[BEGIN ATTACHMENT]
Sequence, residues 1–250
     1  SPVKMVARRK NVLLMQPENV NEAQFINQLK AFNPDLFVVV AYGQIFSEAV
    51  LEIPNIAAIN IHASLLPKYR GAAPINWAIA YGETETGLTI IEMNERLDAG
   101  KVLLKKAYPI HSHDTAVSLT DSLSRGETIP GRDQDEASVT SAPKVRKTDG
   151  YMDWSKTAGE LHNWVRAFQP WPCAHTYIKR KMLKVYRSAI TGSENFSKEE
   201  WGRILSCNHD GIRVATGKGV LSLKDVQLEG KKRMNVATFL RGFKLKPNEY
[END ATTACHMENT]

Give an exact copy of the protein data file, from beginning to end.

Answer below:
Sequence, residues 1–250
     1  SPVKMVARRK NVLLMQPENV NEAQFINQLK AFNPDLFVVV AYGQIFSEAV
    51  LEIPNIAAIN IHASLLPKYR GAAPINWAIA YGETETGLTI IEMNERLDAG
   101  KVLLKKAYPI HSHDTAVSLT DSLSRGETIP GRDQDEASVT SAPKVRKTDG
   151  YMDWSKTAGE LHNWVRAFQP WPCAHTYIKR KMLKVYRSAI TGSENFSKEE
   201  WGRILSCNHD GIRVATGKGV LSLKDVQLEG KKRMNVATFL RGFKLKPNEY